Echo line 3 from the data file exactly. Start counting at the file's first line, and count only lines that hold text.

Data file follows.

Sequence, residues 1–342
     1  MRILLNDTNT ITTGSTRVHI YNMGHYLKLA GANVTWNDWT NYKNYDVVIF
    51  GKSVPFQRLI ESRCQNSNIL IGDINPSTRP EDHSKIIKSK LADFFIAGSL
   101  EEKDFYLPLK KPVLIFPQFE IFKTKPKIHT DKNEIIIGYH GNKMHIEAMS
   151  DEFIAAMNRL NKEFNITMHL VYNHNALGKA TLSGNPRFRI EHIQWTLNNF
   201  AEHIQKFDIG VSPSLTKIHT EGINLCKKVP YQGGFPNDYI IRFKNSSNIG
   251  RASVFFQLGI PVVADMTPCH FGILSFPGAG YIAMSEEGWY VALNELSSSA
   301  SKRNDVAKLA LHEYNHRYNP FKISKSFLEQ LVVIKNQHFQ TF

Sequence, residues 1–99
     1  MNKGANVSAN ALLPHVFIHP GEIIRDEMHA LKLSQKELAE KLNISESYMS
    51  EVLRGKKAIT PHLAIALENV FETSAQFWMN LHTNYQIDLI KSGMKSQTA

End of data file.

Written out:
    51  GKSVPFQRLI ESRCQNSNIL IGDINPSTRP EDHSKIIKSK LADFFIAGSL